Religion summit turns ugly


No one can accuse the President of Kazakhstan, Nursultan Nazarbayev, of being insincere in his efforts to bring together believers of all faiths.

His nation of 16.7 million includes as many as 150 nationalities. Three thousand, two hundred mosques, churches, temples, synagogues and many other houses of worship are prominent in Astana, the country’s rapidly developing new capital.

Last week, Mr Nazarbayev hosted the Third Congress of Leaders of World and Traditional Religions. Mr Nazarbayev plans to turn Astana into the business centre of central Asia, and initiating the triennial interfaith conference was another way of bringing the world to observe his nation.

The conference took place in the Pyramid of Peace, which was designed by architect Sir Norman Foster to accommodate members of all faiths. Rabbis sat next to Imams, creating a picture of reconciliation.

Eventually, they drafted a non-offensive document urging faith leaders to promote inter-religious dialogue and to condemn extremism.
But although the formal goal of the conference was to advance dialogue and agreement between religious leaders, some could not help themselves.

The Iranian delegation threatened to cancel when it found out that Israeli President Shimon Peres was the guest of honour. Not wanting to harm Iran’s business relationship with Kazakhstan, they quickly changed their minds.

Israeli reporters fanned the flames by asking Mr Nazarbayev whether his country, which is believed to possess 15 per cent of the world’s uranium, will sell the enriched ore to Iran. He responded that “no nuclear material will reach Iran from our territory”.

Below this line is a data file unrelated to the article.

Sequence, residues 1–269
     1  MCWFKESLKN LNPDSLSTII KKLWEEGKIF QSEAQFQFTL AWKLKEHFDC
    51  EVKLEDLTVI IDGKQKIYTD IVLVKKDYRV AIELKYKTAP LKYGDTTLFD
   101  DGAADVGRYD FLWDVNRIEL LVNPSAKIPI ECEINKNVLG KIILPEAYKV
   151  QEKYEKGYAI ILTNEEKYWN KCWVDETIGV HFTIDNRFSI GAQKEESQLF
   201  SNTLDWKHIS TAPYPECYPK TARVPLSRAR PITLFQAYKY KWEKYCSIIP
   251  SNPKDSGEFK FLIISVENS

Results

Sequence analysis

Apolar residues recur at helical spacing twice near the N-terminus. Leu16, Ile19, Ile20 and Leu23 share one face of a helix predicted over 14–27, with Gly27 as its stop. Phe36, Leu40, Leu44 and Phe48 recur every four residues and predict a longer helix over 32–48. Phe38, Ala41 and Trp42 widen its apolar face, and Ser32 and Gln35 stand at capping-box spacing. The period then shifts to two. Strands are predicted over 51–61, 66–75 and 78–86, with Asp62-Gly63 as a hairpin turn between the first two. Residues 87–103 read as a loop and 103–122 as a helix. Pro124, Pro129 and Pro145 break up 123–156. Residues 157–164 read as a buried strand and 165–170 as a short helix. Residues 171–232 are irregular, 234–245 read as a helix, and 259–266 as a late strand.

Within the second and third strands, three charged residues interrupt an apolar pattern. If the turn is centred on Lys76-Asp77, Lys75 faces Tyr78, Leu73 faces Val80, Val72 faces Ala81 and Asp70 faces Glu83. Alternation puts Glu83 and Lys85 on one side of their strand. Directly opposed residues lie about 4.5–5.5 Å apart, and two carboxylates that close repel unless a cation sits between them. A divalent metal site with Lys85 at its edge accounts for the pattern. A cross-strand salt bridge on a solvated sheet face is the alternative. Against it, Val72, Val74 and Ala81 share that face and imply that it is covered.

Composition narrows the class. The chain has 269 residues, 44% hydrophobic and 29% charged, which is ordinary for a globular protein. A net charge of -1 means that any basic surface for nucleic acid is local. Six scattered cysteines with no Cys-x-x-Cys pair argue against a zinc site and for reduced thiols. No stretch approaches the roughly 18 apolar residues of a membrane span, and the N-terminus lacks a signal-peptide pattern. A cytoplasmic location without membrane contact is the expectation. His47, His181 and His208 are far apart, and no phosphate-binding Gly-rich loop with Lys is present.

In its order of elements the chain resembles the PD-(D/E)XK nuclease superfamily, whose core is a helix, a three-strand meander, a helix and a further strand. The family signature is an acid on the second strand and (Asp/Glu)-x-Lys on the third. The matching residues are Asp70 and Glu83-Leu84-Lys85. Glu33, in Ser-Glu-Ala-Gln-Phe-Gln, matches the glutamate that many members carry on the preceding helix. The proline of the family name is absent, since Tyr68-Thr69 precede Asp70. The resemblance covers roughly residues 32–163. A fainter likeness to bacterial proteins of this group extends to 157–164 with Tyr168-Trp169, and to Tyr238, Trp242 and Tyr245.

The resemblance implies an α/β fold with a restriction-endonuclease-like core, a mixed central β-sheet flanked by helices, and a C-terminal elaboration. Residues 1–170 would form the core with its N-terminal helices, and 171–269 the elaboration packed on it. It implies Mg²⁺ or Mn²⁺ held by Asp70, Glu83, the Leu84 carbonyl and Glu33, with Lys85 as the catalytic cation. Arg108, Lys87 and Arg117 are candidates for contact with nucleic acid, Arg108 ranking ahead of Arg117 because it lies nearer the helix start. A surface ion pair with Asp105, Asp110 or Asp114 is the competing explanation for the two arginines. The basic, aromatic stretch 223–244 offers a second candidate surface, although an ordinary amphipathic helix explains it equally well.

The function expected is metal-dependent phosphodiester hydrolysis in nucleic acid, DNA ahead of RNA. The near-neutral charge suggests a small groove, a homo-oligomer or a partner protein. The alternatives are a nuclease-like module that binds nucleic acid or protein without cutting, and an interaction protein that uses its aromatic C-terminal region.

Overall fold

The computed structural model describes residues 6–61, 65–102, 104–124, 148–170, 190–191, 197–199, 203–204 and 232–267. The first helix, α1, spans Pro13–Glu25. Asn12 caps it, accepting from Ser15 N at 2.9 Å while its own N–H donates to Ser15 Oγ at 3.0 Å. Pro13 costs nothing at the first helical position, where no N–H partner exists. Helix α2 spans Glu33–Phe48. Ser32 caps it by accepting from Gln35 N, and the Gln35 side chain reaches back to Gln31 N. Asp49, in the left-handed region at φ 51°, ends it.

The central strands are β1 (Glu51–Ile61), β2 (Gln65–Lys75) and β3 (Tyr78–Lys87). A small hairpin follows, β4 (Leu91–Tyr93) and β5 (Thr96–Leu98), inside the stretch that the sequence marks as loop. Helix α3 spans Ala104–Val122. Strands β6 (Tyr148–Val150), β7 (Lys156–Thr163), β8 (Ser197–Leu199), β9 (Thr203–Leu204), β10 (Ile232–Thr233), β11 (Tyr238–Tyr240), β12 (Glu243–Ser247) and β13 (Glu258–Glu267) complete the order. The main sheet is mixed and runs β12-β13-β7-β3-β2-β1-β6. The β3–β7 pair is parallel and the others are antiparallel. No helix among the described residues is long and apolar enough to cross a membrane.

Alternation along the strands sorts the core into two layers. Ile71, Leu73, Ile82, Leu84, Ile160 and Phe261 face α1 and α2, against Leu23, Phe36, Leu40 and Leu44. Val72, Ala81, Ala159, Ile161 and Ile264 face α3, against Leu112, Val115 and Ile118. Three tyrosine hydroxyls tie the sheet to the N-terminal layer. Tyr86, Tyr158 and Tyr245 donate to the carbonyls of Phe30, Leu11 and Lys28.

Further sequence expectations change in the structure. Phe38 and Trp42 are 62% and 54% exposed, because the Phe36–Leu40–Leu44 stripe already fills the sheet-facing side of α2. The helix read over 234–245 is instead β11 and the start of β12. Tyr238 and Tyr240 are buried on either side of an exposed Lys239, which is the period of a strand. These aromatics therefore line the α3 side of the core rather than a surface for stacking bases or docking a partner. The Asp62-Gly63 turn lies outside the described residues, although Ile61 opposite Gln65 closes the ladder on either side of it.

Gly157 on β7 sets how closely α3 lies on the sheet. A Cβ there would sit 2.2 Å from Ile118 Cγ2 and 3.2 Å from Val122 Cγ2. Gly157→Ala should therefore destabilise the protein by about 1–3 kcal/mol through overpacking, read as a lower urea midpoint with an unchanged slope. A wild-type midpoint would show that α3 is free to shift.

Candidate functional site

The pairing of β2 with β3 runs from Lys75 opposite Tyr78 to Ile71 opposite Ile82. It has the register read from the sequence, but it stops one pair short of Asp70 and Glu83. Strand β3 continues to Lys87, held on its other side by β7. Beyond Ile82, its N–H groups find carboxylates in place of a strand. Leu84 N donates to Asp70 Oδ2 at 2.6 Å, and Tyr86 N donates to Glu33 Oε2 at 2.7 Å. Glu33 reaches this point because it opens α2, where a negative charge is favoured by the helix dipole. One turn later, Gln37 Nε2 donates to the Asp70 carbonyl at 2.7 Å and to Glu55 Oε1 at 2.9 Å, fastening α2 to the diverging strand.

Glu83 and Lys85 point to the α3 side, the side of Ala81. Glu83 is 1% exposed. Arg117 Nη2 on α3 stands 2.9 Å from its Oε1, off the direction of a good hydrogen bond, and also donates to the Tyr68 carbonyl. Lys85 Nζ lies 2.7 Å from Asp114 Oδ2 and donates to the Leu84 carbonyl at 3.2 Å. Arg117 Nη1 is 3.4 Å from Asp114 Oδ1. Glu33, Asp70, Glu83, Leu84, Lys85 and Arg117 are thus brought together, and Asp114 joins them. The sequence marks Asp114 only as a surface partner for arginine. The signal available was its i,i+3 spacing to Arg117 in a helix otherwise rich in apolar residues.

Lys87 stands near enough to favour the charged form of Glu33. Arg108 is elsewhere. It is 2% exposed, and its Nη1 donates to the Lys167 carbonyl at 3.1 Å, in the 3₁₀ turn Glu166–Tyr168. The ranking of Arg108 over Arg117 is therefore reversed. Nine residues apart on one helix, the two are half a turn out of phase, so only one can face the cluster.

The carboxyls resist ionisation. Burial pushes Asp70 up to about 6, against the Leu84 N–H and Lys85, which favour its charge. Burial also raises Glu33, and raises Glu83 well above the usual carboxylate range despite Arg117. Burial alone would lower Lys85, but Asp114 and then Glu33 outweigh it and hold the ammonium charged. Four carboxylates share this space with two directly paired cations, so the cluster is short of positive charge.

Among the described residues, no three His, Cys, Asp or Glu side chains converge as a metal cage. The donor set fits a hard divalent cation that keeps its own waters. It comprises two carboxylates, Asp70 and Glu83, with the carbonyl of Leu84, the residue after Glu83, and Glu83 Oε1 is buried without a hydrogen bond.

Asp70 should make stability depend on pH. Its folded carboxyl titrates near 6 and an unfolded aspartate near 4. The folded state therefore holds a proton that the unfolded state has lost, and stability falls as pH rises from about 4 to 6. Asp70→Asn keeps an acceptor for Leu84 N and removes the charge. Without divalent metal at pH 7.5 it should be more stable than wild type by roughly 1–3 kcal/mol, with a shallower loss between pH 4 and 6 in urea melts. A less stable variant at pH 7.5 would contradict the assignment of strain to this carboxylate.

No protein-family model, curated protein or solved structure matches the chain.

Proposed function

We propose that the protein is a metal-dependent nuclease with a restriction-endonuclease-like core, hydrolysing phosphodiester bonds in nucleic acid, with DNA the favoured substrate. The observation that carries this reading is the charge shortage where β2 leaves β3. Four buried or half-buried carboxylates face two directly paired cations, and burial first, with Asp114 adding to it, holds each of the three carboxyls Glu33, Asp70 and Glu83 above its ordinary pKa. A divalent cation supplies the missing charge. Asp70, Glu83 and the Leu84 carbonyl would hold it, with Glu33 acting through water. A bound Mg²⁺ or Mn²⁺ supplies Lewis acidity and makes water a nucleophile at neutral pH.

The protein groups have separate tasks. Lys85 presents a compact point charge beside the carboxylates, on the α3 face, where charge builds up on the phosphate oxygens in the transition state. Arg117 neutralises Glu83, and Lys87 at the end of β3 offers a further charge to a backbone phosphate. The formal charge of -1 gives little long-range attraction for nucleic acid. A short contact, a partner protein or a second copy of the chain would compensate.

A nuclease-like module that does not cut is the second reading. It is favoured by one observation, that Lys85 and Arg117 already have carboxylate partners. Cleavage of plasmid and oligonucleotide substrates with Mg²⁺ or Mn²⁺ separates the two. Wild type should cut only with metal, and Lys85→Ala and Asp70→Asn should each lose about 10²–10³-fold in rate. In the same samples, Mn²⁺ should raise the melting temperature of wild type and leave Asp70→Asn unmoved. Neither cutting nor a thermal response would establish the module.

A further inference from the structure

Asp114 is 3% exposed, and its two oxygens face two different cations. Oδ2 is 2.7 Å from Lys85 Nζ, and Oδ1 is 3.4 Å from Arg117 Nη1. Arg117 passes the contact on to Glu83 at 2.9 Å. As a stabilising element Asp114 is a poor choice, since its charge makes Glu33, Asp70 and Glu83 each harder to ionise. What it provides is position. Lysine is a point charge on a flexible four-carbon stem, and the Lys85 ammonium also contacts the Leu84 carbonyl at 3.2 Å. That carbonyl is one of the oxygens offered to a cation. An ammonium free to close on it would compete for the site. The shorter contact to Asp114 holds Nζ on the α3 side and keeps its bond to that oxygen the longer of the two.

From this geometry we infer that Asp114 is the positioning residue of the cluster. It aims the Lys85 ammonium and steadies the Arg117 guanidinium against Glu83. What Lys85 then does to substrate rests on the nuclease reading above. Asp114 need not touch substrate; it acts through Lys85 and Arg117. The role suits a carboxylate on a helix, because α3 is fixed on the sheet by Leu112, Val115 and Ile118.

“Our people suffered 49 years of nuclear experiments. In 1991 we closed down the nuclear test site. A leaking of nuclear substances is as acute a problem for us as it is for you and can influence the security of the entire region.”

The next day, Dr Mahdi Mustafavi, head of the Iranian delegation, left the discussion table when Mr Peres spoke.

“I came to the congress to hear religious leaders and Peres is not one,” Mr Mustafavi said.

The Ashkenazi Chief Rabbi of Israel, Rabbi Yona Metzger, was the most effective of the Jewish respondents. He pulled out a picture of the abducted solider Gilad Shalit and called on the leaders to pressure Hamas to “at least allow a representative of Shalit’s religion to visit him in captivity and to fulfil his religious needs”.

But none of the participants much cared. One Armenian clergyman said the Iranians had to boycott Mr Peres.

“It’s part of their protocol. We expected that to happen.”

Meanwhile, an Indian Buddhist monk in an orange robe sat barefoot in the parlour and said, smiling, that the congress was only a formality.
“If the world wants the Israelis and the Palestinians to make peace the leaders must force them to sit together and reach a solution. This is not the place to solve ongoing conflicts.”

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